Chinquapin Chestnut TreeThe Chinquapin (C. pumila, Mill.) is the chestnut in miniature-rarely a tree of medium height and spreading habit-usually a shrub that seizes the land by its suckering roots, and forms thickets on hillsides and bare ridges or on the margins of swamps. It is found from Pennsylvania to Florida, and west to Arkansas and Texas. It grows to be a tree west of the Mississippi River, reaching its greatest size and abundance in Arkansas and Texas. The leaves, flowers and nuts proclaim this tree's close kinship with the chestnut. A single ovoid nut with sweet kernel is contained in the globular spine husk. These are found in autumn in the markets of Southern cities.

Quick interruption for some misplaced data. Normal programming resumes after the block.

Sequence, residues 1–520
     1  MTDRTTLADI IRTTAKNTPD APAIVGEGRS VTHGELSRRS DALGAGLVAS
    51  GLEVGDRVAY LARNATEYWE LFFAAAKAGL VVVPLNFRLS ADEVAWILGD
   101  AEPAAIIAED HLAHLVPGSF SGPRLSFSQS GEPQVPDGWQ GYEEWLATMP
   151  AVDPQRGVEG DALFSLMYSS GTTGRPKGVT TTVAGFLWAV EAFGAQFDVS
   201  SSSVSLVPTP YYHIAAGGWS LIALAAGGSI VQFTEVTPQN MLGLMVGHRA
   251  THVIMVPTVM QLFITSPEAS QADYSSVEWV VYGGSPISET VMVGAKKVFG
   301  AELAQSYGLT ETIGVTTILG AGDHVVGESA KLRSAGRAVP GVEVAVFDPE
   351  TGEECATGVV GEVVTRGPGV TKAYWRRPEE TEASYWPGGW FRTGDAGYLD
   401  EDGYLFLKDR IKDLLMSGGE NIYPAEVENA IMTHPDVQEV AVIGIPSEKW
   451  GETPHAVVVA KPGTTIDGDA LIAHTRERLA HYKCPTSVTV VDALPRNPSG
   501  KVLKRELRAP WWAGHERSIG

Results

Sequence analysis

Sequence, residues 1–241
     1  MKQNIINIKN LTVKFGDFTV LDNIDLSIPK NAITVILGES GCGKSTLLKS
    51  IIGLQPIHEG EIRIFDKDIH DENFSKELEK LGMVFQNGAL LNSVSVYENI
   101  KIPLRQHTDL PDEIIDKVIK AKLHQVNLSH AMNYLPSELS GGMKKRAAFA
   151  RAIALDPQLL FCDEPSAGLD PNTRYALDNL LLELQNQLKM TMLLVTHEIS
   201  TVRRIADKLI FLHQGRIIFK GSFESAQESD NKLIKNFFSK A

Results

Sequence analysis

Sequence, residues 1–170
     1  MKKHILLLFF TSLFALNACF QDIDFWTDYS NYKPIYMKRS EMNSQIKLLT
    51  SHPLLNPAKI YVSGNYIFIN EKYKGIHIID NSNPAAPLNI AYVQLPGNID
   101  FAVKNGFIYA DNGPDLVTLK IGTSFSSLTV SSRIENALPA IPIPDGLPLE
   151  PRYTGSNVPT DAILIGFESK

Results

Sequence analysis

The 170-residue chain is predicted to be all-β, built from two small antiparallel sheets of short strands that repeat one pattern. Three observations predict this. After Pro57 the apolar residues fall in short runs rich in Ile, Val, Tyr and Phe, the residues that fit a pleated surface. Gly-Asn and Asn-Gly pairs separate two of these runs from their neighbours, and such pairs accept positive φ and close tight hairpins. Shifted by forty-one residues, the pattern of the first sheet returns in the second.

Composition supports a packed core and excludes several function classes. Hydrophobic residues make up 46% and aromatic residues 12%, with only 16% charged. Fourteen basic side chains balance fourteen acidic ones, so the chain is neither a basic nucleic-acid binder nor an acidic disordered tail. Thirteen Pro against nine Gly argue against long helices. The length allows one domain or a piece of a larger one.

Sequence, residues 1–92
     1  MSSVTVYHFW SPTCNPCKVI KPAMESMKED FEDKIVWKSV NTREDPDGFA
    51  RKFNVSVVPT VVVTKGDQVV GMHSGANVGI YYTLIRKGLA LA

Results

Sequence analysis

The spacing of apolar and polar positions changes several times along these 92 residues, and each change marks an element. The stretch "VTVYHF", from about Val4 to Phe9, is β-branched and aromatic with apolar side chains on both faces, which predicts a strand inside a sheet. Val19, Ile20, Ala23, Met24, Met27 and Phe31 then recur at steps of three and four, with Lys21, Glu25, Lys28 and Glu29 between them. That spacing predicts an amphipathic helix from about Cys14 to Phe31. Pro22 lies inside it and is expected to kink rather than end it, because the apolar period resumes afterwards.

The chinquapin grows lustily and fruits abundantly on a rocky bank in the Arnold Arboretum at Boston. This proves its hardiness far north of its natural range, and a sight of this thicket (or any other like it) must convince anyone that it is an ornamental shrub worthy of introduction into parks and private estates.
Where the chinquapin grows large it is used for railroad ties and fence posts. Its wood has the qualities of chestnut lumber, but is heavier.